FDA and CDC Update

Investigation of Cronobacter bacteria illness in infants

 

Silver Spring, Maryland / Atlanta, Georgia (December 30, 2011) – The Food and Drug Administration (FDA), the Centers for Disease Control and Prevention (CDC) and state health departments continue to investigate four recent cases of Cronobacter infection in infants in four states: Florida, Illinois, Missouri, and Oklahoma. There is currently no evidence that indicates the Cronobacter infections in these infants are related.

 

Based on test results to date, there is no need for a recall of infant formula and parents may continue to use powdered infant formula, following the manufacturer’s directions on the printed label.

 

The ongoing investigation includes laboratory testing of various types and brands of powdered infant formula, nursery water and, when available, clinical samples from the infants. The investigation also includes the inspection of manufacturing facilities for infant formula and nursery water.

 

The following results have been confirmed from completed laboratory tests, although additional lab results are pending release:

 

  • CDC’s laboratory conducted DNA fingerprinting of the bacteria from two recent cases of Cronobacter infection in infants (Missouri and Illinois). The results show that the Cronobacter bacteria differ genetically, suggesting that they are not related. (Bacteria from cases in Oklahoma and Florida are not available for analysis.)
  • CDC laboratory tests of samples provided by the Missouri Department of Health and Senior Services found Cronobacter bacteria in an opened container of infant formula, an opened bottle of nursery water and prepared infant formula. It is unclear how the contamination occurred.
  • The FDA tested factory sealed containers of powdered infant formula and nursery water with the same lot numbers as the opened containers collected from Missouri and no Cronobacter bacteria were found.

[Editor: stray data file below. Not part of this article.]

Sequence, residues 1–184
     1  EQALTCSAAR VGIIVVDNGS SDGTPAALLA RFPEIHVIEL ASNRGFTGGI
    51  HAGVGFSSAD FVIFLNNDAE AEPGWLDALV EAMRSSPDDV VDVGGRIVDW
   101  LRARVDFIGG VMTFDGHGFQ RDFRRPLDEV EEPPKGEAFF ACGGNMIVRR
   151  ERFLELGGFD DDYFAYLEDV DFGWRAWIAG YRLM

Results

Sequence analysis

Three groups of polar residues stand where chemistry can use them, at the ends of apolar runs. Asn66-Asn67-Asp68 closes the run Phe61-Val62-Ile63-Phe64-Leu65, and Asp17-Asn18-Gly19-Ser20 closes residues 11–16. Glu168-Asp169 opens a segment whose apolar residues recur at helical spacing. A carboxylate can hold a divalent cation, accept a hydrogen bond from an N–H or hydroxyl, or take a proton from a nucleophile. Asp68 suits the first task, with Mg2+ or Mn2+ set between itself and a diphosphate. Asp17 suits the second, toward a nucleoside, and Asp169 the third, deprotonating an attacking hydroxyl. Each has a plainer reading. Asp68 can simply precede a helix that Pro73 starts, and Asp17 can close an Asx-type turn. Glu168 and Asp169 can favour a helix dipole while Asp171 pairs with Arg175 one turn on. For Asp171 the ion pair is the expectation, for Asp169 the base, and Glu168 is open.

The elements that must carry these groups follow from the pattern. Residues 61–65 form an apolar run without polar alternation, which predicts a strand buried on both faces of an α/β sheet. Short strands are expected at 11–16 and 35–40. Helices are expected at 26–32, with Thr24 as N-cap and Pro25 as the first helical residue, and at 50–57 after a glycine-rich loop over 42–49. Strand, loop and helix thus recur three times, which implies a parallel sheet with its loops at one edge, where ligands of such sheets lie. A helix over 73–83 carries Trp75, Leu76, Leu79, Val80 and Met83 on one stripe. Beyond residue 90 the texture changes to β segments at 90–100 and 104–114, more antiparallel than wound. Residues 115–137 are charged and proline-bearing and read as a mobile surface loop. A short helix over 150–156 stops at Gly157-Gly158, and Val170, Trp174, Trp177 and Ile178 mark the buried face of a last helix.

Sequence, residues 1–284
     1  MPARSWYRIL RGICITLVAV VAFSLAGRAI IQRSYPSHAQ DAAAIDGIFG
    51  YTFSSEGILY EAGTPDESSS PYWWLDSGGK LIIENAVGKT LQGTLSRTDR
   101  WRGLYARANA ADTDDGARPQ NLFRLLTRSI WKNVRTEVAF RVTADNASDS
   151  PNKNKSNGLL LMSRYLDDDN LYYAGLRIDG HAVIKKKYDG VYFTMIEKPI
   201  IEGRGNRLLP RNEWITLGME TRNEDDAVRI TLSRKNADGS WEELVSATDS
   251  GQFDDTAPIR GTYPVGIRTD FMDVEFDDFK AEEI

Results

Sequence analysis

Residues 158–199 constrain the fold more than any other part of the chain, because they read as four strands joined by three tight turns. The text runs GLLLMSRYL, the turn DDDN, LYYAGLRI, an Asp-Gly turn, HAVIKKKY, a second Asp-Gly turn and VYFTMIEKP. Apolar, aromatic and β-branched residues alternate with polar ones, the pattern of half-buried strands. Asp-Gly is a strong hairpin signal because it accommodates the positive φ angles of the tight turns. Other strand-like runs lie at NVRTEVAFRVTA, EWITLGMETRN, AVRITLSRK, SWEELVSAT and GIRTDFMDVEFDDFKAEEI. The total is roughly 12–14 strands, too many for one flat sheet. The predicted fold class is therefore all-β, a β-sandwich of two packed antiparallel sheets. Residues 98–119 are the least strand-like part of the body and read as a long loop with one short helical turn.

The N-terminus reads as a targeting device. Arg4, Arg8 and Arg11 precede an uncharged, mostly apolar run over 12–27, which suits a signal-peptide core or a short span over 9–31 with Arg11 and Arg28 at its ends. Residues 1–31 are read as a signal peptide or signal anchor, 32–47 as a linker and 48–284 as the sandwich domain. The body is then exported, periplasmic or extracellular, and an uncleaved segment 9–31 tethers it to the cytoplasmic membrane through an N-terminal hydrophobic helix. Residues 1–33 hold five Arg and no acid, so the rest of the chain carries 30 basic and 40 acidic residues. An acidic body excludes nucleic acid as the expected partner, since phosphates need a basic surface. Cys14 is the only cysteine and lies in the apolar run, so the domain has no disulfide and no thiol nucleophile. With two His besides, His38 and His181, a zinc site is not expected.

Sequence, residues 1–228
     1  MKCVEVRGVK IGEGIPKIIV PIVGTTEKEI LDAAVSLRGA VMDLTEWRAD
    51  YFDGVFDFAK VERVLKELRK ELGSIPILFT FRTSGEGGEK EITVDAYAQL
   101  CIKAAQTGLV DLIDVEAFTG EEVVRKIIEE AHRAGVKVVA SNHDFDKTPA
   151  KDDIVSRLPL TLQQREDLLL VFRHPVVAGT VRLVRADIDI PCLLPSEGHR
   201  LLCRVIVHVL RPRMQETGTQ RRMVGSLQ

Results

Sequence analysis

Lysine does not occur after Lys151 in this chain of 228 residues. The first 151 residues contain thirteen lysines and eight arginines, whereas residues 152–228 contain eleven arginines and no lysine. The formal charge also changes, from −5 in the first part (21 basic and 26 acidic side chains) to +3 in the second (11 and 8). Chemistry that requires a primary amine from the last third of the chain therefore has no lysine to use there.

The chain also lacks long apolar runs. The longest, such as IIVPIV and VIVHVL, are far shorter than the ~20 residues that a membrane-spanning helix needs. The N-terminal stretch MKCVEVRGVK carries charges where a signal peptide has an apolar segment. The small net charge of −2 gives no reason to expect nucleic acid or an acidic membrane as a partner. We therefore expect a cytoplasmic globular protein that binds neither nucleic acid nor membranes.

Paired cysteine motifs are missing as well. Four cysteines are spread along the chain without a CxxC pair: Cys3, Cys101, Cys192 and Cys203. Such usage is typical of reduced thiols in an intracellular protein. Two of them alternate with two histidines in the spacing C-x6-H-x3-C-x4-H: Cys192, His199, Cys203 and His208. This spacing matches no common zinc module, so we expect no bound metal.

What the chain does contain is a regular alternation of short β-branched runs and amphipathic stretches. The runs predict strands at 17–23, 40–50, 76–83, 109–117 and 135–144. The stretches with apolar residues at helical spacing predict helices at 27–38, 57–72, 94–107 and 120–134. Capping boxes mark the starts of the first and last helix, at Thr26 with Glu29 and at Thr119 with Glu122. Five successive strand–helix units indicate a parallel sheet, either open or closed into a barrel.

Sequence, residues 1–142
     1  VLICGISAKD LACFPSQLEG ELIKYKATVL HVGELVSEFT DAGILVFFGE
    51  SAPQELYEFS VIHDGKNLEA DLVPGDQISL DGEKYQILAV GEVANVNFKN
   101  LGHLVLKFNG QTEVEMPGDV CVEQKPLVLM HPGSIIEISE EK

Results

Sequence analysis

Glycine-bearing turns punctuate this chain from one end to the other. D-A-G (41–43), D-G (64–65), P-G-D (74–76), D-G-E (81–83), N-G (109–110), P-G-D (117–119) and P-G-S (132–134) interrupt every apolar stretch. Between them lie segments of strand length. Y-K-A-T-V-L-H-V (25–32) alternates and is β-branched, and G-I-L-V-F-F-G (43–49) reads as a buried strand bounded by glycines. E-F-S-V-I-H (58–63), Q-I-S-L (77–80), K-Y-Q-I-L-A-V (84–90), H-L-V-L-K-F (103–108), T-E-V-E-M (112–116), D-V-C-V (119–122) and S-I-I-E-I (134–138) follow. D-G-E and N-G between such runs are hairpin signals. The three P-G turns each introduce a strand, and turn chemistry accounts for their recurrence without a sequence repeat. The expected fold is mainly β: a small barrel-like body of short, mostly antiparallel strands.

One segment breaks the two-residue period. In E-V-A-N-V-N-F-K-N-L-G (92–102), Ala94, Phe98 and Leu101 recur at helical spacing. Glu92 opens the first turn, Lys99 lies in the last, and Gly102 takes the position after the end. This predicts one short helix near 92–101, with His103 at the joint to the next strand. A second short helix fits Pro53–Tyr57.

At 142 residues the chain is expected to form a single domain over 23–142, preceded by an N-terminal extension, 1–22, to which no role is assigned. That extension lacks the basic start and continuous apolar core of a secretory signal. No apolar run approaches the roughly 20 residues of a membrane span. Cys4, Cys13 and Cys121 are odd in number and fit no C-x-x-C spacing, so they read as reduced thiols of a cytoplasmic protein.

The FDA has inspected the facilities that manufactured the infant formula and the nursery water that tested positive for Cronobacter bacteria. Those manufacturers have programs that test their products before they are distributed. The lots in question were tested and found negative for Cronobacter. There is currently no evidence to conclude that the infant formula or nursery water was contaminated during manufacturing or shipping.

 

The FDA, CDC and state agencies continue to investigate the cause of the infections using epidemiological and laboratory methods. Currently CDC and FDA laboratories are testing infant formula, water and other environmental samples related to the ill infants from Illinois and Oklahoma; the results are pending. Additional steps include: completion of inspections of manufacturers, additional laboratory testing of samples, and additional DNA fingerprinting investigation.

 

Last week, following single reports of Cronobacter illness in infants in Missouri and Illinois, CDC asked public health officials around the country to look for other cases of Cronobacter infection among infants. This generated reports to CDC of two additional cases, one in Oklahoma and the fourth recent case in Florida. The illnesses in these infants occurred in late November and early December. The infants in Missouri and Florida, tragically, died as a result of their infection, while the infants in Illinois and Oklahoma have survived.

 

Cronobacter is a very rare cause of a severe infection in young infants, and usually occurs in the first days or weeks of life. Typically CDC is informed of about 4-6 cases of Cronobacter a year. With recent increased awareness, CDC has been informed of a total of 12 cases in 2011.

 

Cronobacter causes severe bacterial sepsis or meningitis in infants, which often starts with fever, and usually includes poor feeding, crying or listlessness. Cronobacter illness is diagnosed by a laboratory culture.